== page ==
On Oct. 14, Washington University Chairman of the Department of Pediatrics Gary Silverman, M.D., Ph.D., responded to a Physicians Committee inquiry by writing: “Yes, we ended this and are looking for adoptive ‘parents’ for the cats.” Prior to this decision, pediatrics residents at the school were instructed to force a breathing tube down the throats of live cats and ferrets to practice endotracheal intubation.
Washington University announced in 2013 that it would stop using cats for the same procedure in a different course. In addition, the Department of Defense ended the use of animals in pediatrics residency courses and neonatal resuscitation training as of Jan. 1, 2015.
Now all of the 198 U.S. pediatrics programs surveyed by the Physicians Committee use only nonanimal, human-based education methods. Only one of the 17 Canadian pediatrics residencies continues to use animals: Laval University of Quebec. Dr. Pippin will submit a letter to Laval University Rector Denis Brière, Ph.D., to inform him of the news.
To interview Dr. Pippin, please contact Reina Pohl at 202-527-7326 or RPohl@PCRM.org.
Founded in 1985, the Physicians Committee for Responsible Medicine is a nonprofit health organization that promotes preventive medicine, conducts clinical research, and encourages higher standards for ethics and effectiveness in research.
Please share this widely and let people know that there are other and better training methods than live animals.
Thank you for spreading the news on animal awareness!
Please share this information widely, brought to my attention by Animalista Untamed:
“These tragic pictures left me speechless. Please look into the eyes of all the animals. They tell their own story more poignantly than any words of mine. And the message they give is simple. Help us. End this.”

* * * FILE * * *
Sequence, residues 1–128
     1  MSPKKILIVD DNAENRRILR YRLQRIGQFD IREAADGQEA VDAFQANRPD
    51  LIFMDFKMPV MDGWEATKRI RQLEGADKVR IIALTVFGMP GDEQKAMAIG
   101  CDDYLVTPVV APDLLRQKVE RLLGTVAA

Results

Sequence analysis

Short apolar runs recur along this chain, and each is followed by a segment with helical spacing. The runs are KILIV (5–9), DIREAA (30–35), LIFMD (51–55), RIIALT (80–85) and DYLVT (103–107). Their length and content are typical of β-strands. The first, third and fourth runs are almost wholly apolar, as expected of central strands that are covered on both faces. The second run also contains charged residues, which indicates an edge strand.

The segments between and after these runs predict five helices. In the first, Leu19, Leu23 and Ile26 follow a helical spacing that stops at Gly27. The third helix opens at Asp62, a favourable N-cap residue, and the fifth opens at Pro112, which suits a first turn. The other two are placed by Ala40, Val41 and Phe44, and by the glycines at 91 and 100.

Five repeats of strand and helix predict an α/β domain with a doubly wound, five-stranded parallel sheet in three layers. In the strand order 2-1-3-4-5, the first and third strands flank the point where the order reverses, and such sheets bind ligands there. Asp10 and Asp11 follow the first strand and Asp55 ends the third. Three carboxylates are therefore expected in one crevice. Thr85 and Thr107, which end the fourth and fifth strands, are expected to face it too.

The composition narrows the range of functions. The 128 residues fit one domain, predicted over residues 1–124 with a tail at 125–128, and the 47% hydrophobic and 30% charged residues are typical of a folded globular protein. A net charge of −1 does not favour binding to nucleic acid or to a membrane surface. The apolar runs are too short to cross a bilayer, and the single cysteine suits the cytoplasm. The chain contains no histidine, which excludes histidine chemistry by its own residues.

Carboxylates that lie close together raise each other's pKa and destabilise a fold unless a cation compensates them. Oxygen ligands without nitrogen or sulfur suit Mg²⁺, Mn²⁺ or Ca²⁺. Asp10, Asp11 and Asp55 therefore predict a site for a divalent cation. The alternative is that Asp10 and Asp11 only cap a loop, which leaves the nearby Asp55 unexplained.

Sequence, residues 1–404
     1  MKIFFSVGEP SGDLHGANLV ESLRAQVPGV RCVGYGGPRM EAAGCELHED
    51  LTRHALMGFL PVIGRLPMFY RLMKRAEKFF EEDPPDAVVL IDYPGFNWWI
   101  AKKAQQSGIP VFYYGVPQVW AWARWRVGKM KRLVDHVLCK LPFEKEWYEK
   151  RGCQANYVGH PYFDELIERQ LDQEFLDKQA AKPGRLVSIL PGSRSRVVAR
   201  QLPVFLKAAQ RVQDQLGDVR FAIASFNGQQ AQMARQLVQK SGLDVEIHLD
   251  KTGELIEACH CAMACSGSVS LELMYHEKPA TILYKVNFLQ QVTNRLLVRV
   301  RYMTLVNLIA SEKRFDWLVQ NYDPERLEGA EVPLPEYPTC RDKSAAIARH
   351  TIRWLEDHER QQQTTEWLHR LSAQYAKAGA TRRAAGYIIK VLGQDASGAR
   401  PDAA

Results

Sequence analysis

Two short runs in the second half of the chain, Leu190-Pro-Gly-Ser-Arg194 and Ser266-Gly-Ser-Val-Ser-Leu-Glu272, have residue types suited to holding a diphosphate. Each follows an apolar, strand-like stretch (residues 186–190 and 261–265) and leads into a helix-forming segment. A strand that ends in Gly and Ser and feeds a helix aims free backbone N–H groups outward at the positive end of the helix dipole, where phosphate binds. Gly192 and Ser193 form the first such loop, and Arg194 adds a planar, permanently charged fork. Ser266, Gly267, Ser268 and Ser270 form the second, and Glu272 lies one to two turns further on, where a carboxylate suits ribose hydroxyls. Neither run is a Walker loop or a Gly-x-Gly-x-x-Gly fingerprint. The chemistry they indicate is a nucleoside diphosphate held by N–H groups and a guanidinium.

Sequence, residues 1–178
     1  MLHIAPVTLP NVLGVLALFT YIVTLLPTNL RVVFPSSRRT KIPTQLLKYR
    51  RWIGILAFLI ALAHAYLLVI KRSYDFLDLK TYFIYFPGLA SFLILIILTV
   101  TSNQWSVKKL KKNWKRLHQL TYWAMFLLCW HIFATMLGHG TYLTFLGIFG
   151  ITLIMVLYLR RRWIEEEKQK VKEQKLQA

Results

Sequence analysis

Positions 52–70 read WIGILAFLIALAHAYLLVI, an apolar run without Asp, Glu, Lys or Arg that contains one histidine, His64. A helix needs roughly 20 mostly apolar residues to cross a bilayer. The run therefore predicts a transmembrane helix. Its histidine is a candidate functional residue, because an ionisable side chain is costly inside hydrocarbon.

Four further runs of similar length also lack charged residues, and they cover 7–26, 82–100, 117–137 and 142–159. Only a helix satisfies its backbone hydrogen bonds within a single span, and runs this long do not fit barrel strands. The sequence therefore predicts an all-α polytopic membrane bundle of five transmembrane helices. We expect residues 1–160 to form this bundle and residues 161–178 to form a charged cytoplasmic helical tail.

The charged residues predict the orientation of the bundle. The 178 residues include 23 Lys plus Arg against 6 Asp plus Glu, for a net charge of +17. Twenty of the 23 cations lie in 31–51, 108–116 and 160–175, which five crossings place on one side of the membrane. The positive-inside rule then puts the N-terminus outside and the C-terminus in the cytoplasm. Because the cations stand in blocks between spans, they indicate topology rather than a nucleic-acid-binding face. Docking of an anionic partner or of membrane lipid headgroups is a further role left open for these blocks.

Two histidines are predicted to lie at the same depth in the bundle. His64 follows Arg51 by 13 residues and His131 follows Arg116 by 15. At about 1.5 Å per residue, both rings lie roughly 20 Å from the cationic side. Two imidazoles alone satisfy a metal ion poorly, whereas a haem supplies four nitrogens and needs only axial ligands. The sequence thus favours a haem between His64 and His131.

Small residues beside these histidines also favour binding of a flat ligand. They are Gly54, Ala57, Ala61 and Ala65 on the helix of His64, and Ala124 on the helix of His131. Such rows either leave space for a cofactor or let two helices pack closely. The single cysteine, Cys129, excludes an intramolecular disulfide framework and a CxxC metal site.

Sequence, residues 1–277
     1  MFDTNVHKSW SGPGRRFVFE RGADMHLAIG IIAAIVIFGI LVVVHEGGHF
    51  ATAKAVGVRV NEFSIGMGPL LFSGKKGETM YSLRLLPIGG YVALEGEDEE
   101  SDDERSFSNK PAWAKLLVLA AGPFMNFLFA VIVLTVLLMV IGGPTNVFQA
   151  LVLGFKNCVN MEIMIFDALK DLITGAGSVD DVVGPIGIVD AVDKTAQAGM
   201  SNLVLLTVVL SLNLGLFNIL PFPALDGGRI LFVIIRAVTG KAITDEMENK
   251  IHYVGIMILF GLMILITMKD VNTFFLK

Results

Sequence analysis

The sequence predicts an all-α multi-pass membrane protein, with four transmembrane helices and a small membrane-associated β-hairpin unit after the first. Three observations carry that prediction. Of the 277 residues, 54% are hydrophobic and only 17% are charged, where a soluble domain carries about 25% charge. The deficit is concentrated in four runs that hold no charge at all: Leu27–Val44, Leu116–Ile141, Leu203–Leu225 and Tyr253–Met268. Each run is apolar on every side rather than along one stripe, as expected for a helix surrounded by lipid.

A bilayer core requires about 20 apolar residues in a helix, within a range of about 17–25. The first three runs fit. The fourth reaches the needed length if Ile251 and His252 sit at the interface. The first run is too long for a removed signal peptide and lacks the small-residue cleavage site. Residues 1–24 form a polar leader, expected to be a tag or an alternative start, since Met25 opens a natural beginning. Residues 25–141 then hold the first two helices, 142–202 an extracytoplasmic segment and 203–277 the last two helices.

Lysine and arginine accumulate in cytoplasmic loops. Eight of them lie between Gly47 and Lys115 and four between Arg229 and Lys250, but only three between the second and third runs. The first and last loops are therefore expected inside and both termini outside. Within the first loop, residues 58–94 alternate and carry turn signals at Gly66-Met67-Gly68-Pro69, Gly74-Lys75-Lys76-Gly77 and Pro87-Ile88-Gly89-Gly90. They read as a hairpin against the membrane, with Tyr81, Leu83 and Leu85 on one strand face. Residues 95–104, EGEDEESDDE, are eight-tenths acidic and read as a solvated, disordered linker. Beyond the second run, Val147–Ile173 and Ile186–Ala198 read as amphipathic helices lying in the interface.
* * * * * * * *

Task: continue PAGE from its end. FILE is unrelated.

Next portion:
Haunting pictures of animals trapped behind bars in Europe’s zoos have been captured by international wildlife charity, the Born Free Foundation. The powerful exhibition was launched by the organisation to highlight, what they see as, the poor standards of animal care at many zoos in the European Union.
Keith Taylor, MEP and the Green Party’s animals spokesperson, said the images show the “urgent need” to improve conditions and regulatory enforcement, both in the UK and in the rest of the EU.
Born Free Foundation – JoAnne McArthur
Elephant in Slovenian zoo
Taylor said: “The EU has been a positive force for so many animal welfare improvements in Britain and…
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A wonderful post on the subject of how a label can ruin the life of a being – and what to do instead:
As we travel around the country, having conversations with shelters and rescues about the “pit bull” dogs in their care, we find that there are always a few big a-ha! moments that help people understand that all dogs are individuals just a bit better.
One of the more exciting moments typically happens during our Labels & Language presentation where we discuss the role of breed labeling in shelters and the assumptions we make about dogs based on those labels.
The talk helps shelters understand a number of concepts that apply not only to “pit bull” dogs, but to ALL the dogs in their care.
This one being of utmost importance:
How a dog is labeled or how they look on the outside, is not an indication of past or future behavior or their suitability for a particular adoption placement.
Too often, we make incorrect assumptions about dogs based…